The ladrones, those disguised in constabulary and scout uniforms in the lead, rushed the cuartel, and then most withdrew to the far side of the plaza and kept up a fire on the garrison, which had rallied about the cuartel and officers' quarters, while others looted the house and seized the wife and two little children of Mariano Trias. He himself escaped by flight. The outlaws withdrew in good order, divided their plunder, and then scattered. The loot consisted of Trias’s money and jewelry, ₱2,000 of municipal funds, over 1,000 rounds of ammunition, and 25 carbines. In the skirmishing, Contract-Surgeon O’Neill

[p. 131]

and 1 constable were killed and 3 constables wounded. The outlaws aggregated many and their own loss was considerable, but no reliable information as to their strength and casualties has been obtained.

The next day, at the request of the governor-general, Sibley’s squadron of the Second Cavalry and Wright's battalion of the Seventh Infantry were sent to Cavite to cooperate with the civil authorities. The moral effect of these troops not only in Cavite, where they took station, but also in Batangas, was decisive The cooperation given by their commander, Major Sibley, was thorough and cordial. They bore an active part in the work and some of the best of it they did. Recently, they have been withdrawn, because the dwindling of the ladrones to a mere remnant, illy armed, has reduced the task still before us to one of police only.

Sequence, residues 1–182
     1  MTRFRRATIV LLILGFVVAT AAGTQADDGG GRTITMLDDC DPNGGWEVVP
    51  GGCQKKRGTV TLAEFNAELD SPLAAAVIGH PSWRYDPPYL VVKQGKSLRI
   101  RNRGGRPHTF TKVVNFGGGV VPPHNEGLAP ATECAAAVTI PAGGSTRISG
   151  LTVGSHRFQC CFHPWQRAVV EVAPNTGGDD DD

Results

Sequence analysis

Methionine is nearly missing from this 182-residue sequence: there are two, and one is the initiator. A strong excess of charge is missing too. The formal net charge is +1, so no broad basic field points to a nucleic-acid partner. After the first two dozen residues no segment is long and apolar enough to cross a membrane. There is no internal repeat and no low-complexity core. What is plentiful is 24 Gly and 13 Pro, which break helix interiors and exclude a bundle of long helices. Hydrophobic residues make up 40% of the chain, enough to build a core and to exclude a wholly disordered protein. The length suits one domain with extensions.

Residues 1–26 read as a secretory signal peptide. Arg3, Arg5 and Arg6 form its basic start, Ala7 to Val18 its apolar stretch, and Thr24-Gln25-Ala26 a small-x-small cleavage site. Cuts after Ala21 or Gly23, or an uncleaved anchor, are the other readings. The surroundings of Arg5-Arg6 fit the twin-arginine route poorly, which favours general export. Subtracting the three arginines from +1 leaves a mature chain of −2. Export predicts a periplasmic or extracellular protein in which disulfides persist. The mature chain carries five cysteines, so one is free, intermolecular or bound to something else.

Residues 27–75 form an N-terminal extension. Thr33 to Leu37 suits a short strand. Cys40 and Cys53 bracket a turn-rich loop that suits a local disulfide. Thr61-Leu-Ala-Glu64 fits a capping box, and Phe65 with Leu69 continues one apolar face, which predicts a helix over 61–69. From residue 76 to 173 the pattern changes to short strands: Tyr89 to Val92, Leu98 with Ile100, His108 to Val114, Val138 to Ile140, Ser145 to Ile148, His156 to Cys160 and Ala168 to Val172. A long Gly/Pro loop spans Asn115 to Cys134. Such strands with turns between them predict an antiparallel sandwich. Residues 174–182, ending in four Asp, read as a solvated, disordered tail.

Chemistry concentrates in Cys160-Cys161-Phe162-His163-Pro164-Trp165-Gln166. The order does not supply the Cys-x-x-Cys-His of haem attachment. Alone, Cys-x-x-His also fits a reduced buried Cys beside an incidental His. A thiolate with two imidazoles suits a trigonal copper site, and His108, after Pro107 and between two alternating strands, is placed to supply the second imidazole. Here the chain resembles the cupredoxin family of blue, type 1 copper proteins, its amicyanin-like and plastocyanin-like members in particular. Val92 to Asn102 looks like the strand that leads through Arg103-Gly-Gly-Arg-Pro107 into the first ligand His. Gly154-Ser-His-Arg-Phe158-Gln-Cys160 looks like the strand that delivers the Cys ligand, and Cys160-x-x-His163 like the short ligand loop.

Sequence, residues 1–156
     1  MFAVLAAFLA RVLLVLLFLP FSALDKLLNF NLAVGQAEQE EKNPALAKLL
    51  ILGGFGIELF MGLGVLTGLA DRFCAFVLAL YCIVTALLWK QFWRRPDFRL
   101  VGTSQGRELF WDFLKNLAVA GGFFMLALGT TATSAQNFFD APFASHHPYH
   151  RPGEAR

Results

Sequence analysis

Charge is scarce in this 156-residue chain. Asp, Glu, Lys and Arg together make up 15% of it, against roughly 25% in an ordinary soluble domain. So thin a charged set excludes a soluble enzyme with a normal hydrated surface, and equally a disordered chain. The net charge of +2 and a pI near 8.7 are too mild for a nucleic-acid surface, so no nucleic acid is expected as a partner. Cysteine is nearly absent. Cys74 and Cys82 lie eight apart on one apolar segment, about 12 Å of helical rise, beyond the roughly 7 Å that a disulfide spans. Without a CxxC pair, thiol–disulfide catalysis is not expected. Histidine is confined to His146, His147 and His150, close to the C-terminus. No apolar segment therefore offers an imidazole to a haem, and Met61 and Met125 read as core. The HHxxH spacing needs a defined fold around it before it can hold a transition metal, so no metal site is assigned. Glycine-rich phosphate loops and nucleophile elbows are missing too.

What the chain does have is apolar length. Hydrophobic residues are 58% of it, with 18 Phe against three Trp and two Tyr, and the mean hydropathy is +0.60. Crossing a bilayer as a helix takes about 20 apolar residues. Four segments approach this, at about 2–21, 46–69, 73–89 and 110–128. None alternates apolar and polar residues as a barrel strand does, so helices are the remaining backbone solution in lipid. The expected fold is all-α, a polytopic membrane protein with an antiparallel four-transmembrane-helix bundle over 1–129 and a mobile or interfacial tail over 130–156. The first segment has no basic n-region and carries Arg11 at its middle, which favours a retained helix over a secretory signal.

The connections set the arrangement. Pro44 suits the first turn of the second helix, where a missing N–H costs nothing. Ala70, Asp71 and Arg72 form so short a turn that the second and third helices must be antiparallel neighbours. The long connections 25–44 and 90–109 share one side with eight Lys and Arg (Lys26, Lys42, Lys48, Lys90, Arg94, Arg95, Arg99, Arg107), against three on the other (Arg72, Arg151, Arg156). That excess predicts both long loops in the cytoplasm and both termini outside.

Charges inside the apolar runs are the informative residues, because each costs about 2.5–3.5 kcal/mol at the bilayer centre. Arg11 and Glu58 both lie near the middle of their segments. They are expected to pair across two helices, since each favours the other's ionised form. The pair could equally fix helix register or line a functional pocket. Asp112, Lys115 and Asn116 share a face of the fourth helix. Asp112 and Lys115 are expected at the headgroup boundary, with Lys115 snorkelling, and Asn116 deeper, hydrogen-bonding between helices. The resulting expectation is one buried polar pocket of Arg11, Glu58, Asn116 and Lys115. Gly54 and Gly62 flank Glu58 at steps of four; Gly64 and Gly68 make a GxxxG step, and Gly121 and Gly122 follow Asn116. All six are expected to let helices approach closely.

Suspension of the Writ.

The last day of January, the chief executive proclaimed the suspension of the writ of habeas corpus in Cavite and Batangas. The growth and spread of lawlessness necessitated this action. The people feared for their lives and property. For a long time, large tracts of land had lain fallow in the unsettled districts, especially about Bayuyungan in Batangas and Paliparan in Cavite, because the owners and tenants were afraid to work them. Now, the abandonment of outlying fields and the narrowing of industry that involved travel commenced about most of the towns. From Lipa and other places the upperclass was sending its women folks to the provincial capitals and even to Manila for safety. Assassinations were not infrequent, and abductions of peaceable men and women became common. The mutilating of those suspected of giving loyalty or aid to the government increased.